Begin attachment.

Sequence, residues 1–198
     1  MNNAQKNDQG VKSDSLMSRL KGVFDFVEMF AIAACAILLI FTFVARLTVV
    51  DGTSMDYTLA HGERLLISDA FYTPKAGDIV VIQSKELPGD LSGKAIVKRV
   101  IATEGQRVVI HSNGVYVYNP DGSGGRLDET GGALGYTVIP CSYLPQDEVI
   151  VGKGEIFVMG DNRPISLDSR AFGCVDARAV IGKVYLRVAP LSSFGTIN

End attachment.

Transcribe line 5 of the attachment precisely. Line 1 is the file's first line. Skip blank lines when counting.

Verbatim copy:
   151  VGKGEIFVMG DNRPISLDSR AFGCVDARAV IGKVYLRVAP LSSFGTIN